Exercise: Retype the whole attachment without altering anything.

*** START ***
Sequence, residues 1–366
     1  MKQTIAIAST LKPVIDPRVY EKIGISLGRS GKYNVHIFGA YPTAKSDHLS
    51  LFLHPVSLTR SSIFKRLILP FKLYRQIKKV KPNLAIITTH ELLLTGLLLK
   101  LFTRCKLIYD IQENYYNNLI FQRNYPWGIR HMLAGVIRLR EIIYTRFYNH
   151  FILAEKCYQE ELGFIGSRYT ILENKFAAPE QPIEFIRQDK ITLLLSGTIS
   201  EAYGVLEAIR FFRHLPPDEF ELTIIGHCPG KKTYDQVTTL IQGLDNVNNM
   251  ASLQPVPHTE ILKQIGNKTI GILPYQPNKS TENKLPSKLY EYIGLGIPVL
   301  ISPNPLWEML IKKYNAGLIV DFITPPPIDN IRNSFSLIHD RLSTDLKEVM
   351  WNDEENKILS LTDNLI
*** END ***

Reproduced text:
Sequence, residues 1–366
     1  MKQTIAIAST LKPVIDPRVY EKIGISLGRS GKYNVHIFGA YPTAKSDHLS
    51  LFLHPVSLTR SSIFKRLILP FKLYRQIKKV KPNLAIITTH ELLLTGLLLK
   101  LFTRCKLIYD IQENYYNNLI FQRNYPWGIR HMLAGVIRLR EIIYTRFYNH
   151  FILAEKCYQE ELGFIGSRYT ILENKFAAPE QPIEFIRQDK ITLLLSGTIS
   201  EAYGVLEAIR FFRHLPPDEF ELTIIGHCPG KKTYDQVTTL IQGLDNVNNM
   251  ASLQPVPHTE ILKQIGNKTI GILPYQPNKS TENKLPSKLY EYIGLGIPVL
   301  ISPNPLWEML IKKYNAGLIV DFITPPPIDN IRNSFSLIHD RLSTDLKEVM
   351  WNDEENKILS LTDNLI